Tuesday, December 30, 2014

Late Phases (Werewolf Transformation)

I'm honored to have received this video from the great werewolf connoisseur Herpscott. It's the transformation scene from the recent film Late Phases. After years of over-reliance on CGI, it's a delight to see filmmakers rediscover the power of practical effects. Like Wolf Cop, the transformation scene is the skin-ripping type, which isn't my favorite, but no one can deny that it isn't well-done and gripping. Thanks again Scott!

Werewolf Transformation 2 by blackjack60

Growing Pains--Available for Viewing!

Growing Pains is a Danish short film about a teenaged boy who turns into a werewolf whenever he gets sexually aroused (you can see the trailer here). I discussed it a while back, and now I can report that it's available for rental, at this page.

Though the rental is only good for one complete viewing, the price is low ($3.72) and the film is definitely worth it. Actually it's terrific--the first non-disappointing werewolf movie in years. It's even better than expected, and has three transformation scenes! The first alone is worth the price of rental, and the movie is funny, unsettling, kinky, and has something valuable to say about the harm of sexual repression and the need to release one's inner beast.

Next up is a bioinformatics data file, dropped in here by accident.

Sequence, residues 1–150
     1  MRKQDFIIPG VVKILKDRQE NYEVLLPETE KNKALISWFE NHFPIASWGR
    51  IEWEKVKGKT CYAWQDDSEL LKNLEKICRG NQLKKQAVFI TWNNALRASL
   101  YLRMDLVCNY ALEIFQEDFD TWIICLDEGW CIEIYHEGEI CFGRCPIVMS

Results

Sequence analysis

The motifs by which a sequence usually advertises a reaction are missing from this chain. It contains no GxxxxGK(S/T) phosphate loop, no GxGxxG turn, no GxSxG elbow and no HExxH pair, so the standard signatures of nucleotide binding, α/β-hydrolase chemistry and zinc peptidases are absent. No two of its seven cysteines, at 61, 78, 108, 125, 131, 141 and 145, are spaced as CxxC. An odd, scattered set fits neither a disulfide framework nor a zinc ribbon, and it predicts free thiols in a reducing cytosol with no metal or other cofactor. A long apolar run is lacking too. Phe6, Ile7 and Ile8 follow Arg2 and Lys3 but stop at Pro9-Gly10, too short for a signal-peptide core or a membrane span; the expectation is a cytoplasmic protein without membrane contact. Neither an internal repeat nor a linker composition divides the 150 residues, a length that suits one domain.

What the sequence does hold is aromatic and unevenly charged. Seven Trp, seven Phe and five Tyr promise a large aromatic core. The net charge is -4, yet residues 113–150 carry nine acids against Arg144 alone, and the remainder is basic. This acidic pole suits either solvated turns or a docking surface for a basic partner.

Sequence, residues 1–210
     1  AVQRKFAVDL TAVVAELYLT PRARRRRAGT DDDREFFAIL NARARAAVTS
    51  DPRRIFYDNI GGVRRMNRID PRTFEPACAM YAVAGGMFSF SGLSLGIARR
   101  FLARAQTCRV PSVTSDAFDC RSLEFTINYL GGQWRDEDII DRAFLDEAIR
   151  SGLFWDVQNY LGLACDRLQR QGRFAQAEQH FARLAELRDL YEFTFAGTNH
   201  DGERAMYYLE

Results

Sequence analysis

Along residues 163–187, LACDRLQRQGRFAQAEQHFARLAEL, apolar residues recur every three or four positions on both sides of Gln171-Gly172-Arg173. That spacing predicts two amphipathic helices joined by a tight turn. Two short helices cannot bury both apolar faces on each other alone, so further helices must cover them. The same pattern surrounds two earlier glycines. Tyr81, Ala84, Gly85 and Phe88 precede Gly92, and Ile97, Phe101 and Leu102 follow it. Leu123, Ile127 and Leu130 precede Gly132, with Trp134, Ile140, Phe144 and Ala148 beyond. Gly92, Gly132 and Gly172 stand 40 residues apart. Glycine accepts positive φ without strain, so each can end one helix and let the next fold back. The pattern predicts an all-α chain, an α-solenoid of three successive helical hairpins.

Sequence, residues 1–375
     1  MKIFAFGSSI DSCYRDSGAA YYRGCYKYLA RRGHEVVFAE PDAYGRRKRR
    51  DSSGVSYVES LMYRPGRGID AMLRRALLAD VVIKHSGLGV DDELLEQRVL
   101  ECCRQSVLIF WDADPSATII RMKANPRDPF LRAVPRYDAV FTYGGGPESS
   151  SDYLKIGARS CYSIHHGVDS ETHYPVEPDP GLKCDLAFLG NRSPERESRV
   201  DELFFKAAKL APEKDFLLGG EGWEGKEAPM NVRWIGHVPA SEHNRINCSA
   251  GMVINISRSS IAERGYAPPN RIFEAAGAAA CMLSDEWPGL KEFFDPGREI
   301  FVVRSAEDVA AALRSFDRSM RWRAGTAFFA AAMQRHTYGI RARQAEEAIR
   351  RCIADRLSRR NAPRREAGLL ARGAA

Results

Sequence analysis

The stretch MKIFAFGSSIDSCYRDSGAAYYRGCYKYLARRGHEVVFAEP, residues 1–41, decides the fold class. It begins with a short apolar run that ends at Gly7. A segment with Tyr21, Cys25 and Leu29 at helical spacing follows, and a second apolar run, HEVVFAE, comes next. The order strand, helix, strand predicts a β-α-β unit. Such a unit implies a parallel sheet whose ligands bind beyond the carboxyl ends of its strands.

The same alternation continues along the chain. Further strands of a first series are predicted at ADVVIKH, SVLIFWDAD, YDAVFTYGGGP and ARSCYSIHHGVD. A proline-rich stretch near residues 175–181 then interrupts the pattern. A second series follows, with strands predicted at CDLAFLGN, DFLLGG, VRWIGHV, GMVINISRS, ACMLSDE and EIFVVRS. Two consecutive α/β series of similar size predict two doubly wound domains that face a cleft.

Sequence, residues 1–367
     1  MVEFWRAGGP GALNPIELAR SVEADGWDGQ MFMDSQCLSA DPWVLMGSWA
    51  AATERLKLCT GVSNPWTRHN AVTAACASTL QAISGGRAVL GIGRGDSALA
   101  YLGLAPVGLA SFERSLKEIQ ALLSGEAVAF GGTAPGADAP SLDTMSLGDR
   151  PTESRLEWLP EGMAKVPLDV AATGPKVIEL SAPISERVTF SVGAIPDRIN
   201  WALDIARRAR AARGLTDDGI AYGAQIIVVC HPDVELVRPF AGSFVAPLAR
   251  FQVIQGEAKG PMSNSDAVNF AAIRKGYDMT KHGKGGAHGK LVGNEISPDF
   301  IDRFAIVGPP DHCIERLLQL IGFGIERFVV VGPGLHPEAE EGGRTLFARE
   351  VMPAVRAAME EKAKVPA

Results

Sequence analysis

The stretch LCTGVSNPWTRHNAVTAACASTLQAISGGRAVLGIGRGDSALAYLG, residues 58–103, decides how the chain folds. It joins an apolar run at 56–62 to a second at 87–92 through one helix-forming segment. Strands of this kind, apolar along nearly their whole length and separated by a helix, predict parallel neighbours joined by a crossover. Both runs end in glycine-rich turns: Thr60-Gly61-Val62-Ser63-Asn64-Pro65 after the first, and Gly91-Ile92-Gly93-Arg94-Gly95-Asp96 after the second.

Werewolves have often been seen as metaphors for out-of-control sexual urges, puberty, and even erections (in transformation scenes the body grows like a monstrous penis). Many werewolf films have tried to make use of those metaphors--Growing Pains is the first to successfully employ all of them.

This is an independent movie and needs all the support it can get. Next month I might post a few screengrabs to further whet your appetites, but in the meantime I highly recommend renting Growing Pains.

Marbels Chocolate (Werewolf Transformation)

Below is a TV commercial from Indonesia, advertising Marbels Chocolate. It parodies classic werewolf iconography, features a cute actor, and uses a combination of make-up, body-suits, and CGI (for muzzle growth). I wish we had commercials like this in America. The only sour note is the boy giving the werewolf chocolate--doesn't he know that's toxic to dogs?

Werewolf version from Gunnar Nimpuno on Vimeo.